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An Ultimate Ungulate Fact Sheet
Hyemoschus aquaticus
Water chevrotain
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Hyemoschus aquaticus [Ogilby, 1841].
Citation: Proc. Zool. Soc. Lond., 1840:35 [1841].
Type locality: Sierra Leone, Bulham Creek.

The taxonomic record (above) is taken from Wilson and Reeder (1993). Originally named Moschus aquaticus - thereby allying it with musk deer - the water chevrotain is thought to be the most ancestral of the extant tragulids (Robin, 1990; Wilson and Reeder, 1993). Three subspecies have been named (H. a. aquaticus, H. a. batesi, and H. a. cottoni), although the validity of these names is questionable (Wilson and Reeder, 1993; Kingdon, 1997).

Physical Characteristics

Unusual for ungulates, female water chevrotains are larger than males, weighing (on average) over two kilograms more than the 10 kg males (Kingdon, 1997). Body length is approximately 85 cm, and shoulder height is roughly 35 cm (Robin, 1990).

Reported measurements for water chevrotain (Hyemoschus aquaticus)
Source Adult Weight Head & Body Length Shoulder Height Tail Length
Alden et al., 1995 8-13 kg 70-80 cm 32-40 cm 10-14 cm
Dubost, 1984 10.8 kg - - -
Happold, 1973 14-16 kg 91-102 cm 36 cm -
Kingdon, 1997 7-16 kg
9.7 kg (average)
12 kg (average)
60-102 cm 30-40 cm 7.5-15 cm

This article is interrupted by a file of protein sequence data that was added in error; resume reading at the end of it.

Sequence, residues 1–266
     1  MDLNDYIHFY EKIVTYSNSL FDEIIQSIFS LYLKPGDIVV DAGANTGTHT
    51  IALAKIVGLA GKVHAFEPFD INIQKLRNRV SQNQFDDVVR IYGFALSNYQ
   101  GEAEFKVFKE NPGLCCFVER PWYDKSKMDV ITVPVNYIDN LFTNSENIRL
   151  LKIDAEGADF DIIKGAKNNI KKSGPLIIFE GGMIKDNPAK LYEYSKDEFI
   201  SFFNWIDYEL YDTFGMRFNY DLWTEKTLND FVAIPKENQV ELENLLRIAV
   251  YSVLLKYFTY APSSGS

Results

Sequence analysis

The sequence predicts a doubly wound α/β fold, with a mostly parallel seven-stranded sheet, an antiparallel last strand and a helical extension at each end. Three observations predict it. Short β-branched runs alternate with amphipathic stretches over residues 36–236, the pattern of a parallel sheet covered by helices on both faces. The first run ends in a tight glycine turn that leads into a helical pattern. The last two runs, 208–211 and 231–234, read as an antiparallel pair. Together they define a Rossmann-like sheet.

Nowak, 1991 7-15 kg 60-85 cm 30.5-55 cm 7.5-15 cm
Robin, 1990 10-15 kg 75-85 cm 35-40 cm 10-15 cm

The sleek coat is an overall rich reddish brown colour above and white on the undersides (Happold, 1973; Nowak, 1991; Kingdon, 1997). The body is marked with a striking pattern of horizontal white stripes running from the shoulder to the rump, with white spots on the back arranged in vertical rows (Nowak, 1991; Kingdon, 1997). The chin, throat, and chest are covered in coarse hair, and patterned with bold white inverted "v"s (Kingdon, 1997).

The hind quarters of Hyemoschus aquaticus are powerfully muscled and much higher than the shoulders, giving the body a distinctly sloped appearance (Happold, 1973; Robin, 1990; Kingdon, 1997). When walking, the head is held towards the ground, creating a profile which is a nearly perfect cone, allowing the water chevrotain to penetrate virtually impassable thickets (Dubost, 1979). The efficiency of this tunnelling profile is enhanced by a shield of thick, reinforced skin on the dorsal surface, which protects the back from injuries inflicted by dense, resistant vegetation (Dubost, 1979). This thick skin extends to the rump and throat, which also have deep muscles which may serve to reduce the incidence of severe injuries inflicted by the tusks during fights (Kingdon, 1997). The legs are short and rather delicate for the bulk of the body, while the hooves resemble those of swine with the dewclaws being held off the ground (Happold, 1973; Kingdon, 1997). There is a patch of shiny black skin behind the hocks (Kingdon, 1997). The tail is short with a fluffy white underside (Nowak, 1991; Kingdon, 1997).